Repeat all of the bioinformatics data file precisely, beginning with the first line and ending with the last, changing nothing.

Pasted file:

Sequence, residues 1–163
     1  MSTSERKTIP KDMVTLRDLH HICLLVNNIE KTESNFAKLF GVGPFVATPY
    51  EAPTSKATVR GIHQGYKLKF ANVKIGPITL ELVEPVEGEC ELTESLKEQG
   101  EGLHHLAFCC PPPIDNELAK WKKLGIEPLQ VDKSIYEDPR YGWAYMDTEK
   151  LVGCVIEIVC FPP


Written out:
Sequence, residues 1–163
     1  MSTSERKTIP KDMVTLRDLH HICLLVNNIE KTESNFAKLF GVGPFVATPY
    51  EAPTSKATVR GIHQGYKLKF ANVKIGPITL ELVEPVEGEC ELTESLKEQG
   101  EGLHHLAFCC PPPIDNELAK WKKLGIEPLQ VDKSIYEDPR YGWAYMDTEK
   151  LVGCVIEIVC FPP